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The magic of foxes
Masters of adaptation.
It’s late at night. I’m nearly asleep, but a sudden bright light brings me back.
It’s the security light on the wall outside, triggered by an old friend, Vulpes vulpes.
I’ve made it a habit to jump out of bed as soon as the light switches on to try and snatch a glimpse of this graceful nocturnal mammal before it slinks off into the darkness again. I always get a kick out of it, like I’m getting a brief insight into a very different world.
The other morning I spotted something from the kitchen window. It took me a moment to realise what it was, but I managed to get downstairs with my camera in time:
Foxes, as well as being woodland creatures, have adapted brilliantly to urban life. They have an omnivorous diet of whatever scraps you happen to have put in the bin that evening, as well as small mammals, eggs, and even birds.
The foxes in our neighbourhood cross over between the street and the wetlands where there are plenty of goose eggs and sometimes goslings to pilfer, but many foxes are perfectly comfortable roaming densely populated streets.
You’ll likely be familiar with the wild noises they make in the winter, during breeding season, when female foxes are calling for a mate. It might sound like they’re in monstrous pain but they’re just looking for a little bit of love.
I’m not sure what it is, but there’s something I find really captivating about the fox. Perhaps it’s the ethereal way in which they glide through streets and parks, mostly unseen and unnoticed by people and even dogs. I’ve seen them vanish into bushes, weave between houses and disappear down alleys just feet from oblivious passers-by glued to their phones.
Perhaps what I love the most is when I’m out late and I spot a fox - and the fox spots me. It sits, maybe in the warm glow of a streetlamp, and we look at each other for a while. When it’s ready to move on, it might take a few steps before looking back to see if I’m following. Sometimes it feels like it wants me to follow it, and this could be the beginning of some kind of magical fox-guided adventure.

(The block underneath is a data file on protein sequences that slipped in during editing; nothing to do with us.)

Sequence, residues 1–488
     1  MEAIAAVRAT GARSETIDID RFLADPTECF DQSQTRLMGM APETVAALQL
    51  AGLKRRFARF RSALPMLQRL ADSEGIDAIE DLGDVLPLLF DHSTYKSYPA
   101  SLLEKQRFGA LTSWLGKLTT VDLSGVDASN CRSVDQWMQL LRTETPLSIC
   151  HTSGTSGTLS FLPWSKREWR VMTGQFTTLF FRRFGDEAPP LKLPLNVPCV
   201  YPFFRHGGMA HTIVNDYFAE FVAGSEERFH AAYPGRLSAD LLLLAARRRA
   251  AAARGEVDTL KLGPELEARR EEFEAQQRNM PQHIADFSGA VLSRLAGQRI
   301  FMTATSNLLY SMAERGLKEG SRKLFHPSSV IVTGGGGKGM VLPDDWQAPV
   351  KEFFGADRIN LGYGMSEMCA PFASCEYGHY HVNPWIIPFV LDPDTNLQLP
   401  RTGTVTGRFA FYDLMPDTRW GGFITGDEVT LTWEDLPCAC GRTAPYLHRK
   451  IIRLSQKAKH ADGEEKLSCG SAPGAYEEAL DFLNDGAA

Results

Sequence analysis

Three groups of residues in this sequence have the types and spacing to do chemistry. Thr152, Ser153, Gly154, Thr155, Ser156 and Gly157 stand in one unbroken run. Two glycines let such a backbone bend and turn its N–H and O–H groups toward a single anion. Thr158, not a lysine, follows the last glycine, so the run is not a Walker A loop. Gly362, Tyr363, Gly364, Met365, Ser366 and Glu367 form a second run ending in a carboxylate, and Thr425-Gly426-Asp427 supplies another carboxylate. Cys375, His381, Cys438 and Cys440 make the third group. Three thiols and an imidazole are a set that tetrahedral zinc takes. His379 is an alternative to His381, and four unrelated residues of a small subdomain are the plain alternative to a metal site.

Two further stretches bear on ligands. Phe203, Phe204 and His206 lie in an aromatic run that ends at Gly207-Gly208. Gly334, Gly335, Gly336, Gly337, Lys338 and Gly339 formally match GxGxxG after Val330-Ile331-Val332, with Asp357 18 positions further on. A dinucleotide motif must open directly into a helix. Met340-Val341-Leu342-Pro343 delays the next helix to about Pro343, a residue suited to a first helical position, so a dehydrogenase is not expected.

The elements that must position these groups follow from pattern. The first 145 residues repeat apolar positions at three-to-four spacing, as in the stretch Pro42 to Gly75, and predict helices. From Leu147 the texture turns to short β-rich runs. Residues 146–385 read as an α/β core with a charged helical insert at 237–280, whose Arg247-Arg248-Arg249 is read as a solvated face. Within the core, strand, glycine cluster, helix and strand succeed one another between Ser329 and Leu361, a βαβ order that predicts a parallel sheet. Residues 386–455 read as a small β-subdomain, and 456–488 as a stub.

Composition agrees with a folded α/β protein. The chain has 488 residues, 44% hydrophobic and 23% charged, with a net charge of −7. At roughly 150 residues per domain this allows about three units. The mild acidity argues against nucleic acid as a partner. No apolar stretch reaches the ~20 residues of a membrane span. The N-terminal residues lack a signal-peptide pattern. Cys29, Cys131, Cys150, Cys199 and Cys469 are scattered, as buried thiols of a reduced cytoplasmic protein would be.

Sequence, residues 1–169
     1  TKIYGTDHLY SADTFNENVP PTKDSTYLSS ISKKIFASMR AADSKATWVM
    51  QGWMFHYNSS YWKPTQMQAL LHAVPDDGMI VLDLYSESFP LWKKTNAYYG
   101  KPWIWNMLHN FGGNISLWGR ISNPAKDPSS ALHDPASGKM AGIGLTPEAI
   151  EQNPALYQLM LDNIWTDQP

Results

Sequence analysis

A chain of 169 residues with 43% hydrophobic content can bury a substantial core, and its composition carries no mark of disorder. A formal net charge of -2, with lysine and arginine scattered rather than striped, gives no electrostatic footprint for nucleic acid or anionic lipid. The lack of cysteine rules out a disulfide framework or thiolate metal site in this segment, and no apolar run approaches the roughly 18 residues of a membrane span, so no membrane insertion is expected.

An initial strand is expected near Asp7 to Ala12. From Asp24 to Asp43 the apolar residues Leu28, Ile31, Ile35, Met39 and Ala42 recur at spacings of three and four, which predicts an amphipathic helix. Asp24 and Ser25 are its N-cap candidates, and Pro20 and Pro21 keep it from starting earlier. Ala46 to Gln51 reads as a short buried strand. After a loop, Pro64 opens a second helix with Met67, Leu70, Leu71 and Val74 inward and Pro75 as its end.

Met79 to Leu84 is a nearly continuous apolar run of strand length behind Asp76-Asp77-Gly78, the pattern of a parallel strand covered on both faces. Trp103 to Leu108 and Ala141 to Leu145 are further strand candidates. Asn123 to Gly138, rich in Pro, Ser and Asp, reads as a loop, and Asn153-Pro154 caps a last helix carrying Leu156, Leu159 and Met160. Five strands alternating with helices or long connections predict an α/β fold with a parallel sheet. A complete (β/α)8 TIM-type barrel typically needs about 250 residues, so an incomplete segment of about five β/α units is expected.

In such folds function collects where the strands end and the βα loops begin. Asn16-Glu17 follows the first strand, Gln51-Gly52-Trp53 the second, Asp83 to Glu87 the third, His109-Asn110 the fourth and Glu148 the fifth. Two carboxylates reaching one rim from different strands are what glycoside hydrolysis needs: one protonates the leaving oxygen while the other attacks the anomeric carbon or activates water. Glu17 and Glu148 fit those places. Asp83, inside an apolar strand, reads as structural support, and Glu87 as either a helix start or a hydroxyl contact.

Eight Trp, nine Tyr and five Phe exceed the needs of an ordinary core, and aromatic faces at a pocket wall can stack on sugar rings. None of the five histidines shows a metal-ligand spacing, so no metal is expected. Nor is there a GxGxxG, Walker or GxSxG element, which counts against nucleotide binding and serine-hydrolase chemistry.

But mostly I love their gentle, graceful nature.
Yet, as seems to be the case with much injustice in the world, their beauty doesn’t stop them being the victims of persecution. Fox hunting was banned by the Hunting Act 2004 in England and Wales, and the Protection of Wild Mammals (Scotland) Act 2002 in Scotland, but extensive evidence recorded by campaigners suggests these laws are regularly broken up and down the country.
Under the pretence of ‘pest control’, foxes continue to be chased, mauled and killed by packs of dogs led by riders on horseback. Organisations such as the League Against Cruel Sports dedicate themselves to exposing illegal fox hunting, and putting an end to blood sports.
The persistence of fox hunting as well as the aggressive behaviour of its supporters directed towards environmental campaigners like Chris Packham highlight that the conflict between humans and nature is still very much present throughout our culture. Reversing the trends of dramatic wildlife decline and biodiversity loss will require reshaping the unbalanced relationship between humans and nature at the heart of our society.
It’s not just foxes that bear the brunt of human brutality, either. Badger culling, the burning of peat for grouse shooting, and international whaling are all symptoms of a broken system and must be addressed if we are to give our natural systems a better chance of recovering.
Economic and cultural debates aside, I personally can’t wrap my head around the popularity of hunting for entertainment. When the fox and I watch each other we share a brief moment in time and space and I get that kick - that moment of wonder of being so close to nature, of sharing a connection with another living being - and that is a far better feeling than hunting could ever give me.